Tom: They are talking about the efforts to preserve Biblical fidelity in the PCA. The argument is whether it should be looked at as a battle with “winners” and “losers” using secular strategies or whether the focus should be on remaining faithful and leaving the outcome of the struggle to the Lord. The non-confessional elements such as the National Partnership use secular political strategies to try to realize the outcomes they desire and the more conservative confessional members who are on the other side of the debate are being tempted to use similar methods. It is the question of whether ends justify means within the Church.
This gets to the heart of my concern about talk of “winners and losers” in the church: the importing of secular political models into the church. I’m not naive. I’ve been attending ecclesiastical assemblies since c. 1980. It’s clear that that the National Partnership doesn’t share my scruples about importing secular political models & behaviors into the church but I still believe in the spirituality of the church and that doctrine means something about how confessionalists should behave. If we have to sell our souls to secular political models to win then we’ve lost.
I’m using the terms “winning” and “losing” in the vernacular – as an Average Joe would see it. I’m not talking about setting up a similar-but-opposite organization to the NP.
What about church discipline? Does it apply to officers who engage in secretive realpolitik or only to conservatives? I thought one of the marks of a true church was the practice of discipline and the Lord hates unequal weights, by which I mean unequal application of the law.
So far, I’m not hearing a plan by which conservatives will bring any liberals to the bar of justice. For example, Greg Johnson is still preaching and the SJC refused to assume original jurisdiction. Meanwhile, I’m seeing the machinery established by which so-called conservatives will be convicted and hounded-out.
What are conservatives’ duties when liberals play realpolitik and refuse to honor biblical and procedural norms?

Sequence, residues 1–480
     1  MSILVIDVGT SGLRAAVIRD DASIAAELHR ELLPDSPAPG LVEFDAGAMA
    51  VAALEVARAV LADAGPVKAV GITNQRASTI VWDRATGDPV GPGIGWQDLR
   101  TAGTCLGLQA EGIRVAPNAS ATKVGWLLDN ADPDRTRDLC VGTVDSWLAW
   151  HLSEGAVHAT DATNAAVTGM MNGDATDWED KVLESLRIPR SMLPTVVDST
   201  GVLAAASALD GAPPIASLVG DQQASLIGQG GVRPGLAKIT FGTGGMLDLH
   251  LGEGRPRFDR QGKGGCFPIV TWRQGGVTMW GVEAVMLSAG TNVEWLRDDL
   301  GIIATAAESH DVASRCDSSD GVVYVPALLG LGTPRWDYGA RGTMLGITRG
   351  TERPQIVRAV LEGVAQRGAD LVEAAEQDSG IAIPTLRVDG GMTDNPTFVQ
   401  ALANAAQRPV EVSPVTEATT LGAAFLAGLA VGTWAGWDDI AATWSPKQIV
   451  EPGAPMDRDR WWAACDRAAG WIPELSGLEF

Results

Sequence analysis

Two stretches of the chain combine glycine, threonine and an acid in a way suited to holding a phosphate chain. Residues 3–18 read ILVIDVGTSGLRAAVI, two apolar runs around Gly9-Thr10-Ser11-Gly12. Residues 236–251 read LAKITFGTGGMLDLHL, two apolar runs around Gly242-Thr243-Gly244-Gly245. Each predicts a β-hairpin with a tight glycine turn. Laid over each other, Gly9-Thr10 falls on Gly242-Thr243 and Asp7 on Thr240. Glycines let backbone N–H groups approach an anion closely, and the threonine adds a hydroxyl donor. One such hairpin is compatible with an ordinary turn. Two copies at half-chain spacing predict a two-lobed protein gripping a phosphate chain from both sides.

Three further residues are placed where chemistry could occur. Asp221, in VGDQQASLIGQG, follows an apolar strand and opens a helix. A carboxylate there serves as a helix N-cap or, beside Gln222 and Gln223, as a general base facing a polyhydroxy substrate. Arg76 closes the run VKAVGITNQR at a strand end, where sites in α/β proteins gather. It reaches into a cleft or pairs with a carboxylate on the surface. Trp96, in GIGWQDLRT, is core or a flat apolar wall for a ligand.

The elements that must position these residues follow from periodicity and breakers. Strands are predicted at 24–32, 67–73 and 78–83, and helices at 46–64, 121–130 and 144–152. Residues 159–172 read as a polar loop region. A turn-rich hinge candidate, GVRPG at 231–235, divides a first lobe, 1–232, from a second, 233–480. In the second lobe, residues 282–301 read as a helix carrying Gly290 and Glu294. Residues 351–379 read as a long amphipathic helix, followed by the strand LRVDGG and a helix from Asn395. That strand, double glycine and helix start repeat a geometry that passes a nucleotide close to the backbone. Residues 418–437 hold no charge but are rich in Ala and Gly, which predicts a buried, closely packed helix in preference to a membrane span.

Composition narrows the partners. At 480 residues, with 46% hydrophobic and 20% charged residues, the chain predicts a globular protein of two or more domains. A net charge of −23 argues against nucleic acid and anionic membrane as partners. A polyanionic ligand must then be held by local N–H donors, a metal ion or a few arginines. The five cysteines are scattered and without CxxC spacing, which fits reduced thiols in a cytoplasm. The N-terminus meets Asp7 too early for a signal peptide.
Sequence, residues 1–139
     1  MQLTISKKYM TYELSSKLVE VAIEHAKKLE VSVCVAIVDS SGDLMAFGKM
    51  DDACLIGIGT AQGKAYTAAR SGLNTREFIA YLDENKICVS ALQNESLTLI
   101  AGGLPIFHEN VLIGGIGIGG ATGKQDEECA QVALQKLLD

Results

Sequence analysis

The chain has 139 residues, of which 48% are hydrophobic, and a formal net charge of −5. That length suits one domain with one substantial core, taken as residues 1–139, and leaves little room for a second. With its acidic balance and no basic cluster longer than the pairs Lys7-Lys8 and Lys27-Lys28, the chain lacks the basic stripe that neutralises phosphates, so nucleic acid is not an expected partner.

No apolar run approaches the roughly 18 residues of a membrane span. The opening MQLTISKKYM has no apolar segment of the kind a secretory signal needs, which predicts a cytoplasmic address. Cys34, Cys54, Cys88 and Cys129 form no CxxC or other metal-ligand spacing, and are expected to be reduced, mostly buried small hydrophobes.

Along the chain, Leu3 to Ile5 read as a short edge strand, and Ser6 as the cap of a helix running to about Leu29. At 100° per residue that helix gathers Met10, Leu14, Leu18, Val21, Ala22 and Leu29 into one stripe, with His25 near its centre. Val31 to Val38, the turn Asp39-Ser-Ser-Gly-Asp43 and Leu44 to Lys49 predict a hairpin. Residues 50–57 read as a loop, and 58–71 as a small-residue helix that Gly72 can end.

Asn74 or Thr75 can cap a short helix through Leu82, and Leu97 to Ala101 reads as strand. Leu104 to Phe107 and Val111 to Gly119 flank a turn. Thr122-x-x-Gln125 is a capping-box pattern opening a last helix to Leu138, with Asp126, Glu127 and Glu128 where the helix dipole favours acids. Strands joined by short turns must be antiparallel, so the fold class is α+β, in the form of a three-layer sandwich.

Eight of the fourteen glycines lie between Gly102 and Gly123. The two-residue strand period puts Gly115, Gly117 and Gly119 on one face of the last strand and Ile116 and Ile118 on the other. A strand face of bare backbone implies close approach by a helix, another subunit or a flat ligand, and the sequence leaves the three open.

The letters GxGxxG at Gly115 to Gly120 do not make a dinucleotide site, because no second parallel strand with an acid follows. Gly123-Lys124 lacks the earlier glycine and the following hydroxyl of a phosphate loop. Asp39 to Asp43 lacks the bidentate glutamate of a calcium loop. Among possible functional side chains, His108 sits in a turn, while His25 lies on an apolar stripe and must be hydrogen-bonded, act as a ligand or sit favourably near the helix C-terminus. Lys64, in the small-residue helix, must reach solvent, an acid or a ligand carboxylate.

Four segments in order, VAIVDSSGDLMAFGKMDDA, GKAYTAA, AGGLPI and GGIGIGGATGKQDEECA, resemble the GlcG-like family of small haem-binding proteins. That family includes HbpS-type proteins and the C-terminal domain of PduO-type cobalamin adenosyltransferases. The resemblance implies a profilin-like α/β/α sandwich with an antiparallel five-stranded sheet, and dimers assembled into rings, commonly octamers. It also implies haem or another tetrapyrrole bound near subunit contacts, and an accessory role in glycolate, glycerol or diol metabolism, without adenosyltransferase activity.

The plan is use the divinely instituted means of correcting error and gross sin in the church: discipline. Attending to that would be education. I concede all that you say about how the NP has behaved. I’ve highlighted it here repeatedly.
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I’ve also written at length on how the church should respond, e.g., by abandoning good faith subscription, by abandoning the disastrous “Strategic Plan” (c. 2010) etc.
There are things that confessionalists may do that do not involve becoming what they oppose but I can’t guarantee the desired outcome. The history of confessional Reformed churches in the 19th and 20th centuries isn’t promising in this regard but would we care about Machen had he died while conspiring in a political (in the worst) sense conference instead of taking the train to North Dakota to preach Christ? Had his last words been, “be sure to outflank the NP in such and such a committee”? I think not.
I see. Well, the plan appears to be failing.
I’m not seeing how this applies. Machen had strengths and weaknesses and did what he could in his time. He’s not a model for behavior in all cases and there’s been a lot of water under the bridge since 1936..
You can still preach the gospel AND discipline the liberals. One does not exclude the other. Otherwise, you’re just going to have to start a new denomination with fewer people than last time at a shorter interval than last time. If you plot out the census of Protestant denominations and the interval at which they’re schisming, you can see that with each new schism there are fewer confessional Protestants but and we have to create new denominations more-often. The PCA isn’t even 50.
Maybe it’s time for conservatives to introspect.
You’re assuming that getting the desired outcome is “success.” That’s a theology of glory.
Remember, this whole thing started with the Savior and his Apostles being murdered. It didn’t get a lot better in the 2nd century and it got much worse in the 3rd century.
Christianity is not a religion for the “successful.” That’s one reason the Romans found it disgusting. They had a “power religion” and they found Christianity to be “weak.” So it is.
Jesus is going to set everything right when he comes and the “strong” will find out about about “weak” Savior when he comes.
Until then, things will sometimes (frequently?) be unpleasant.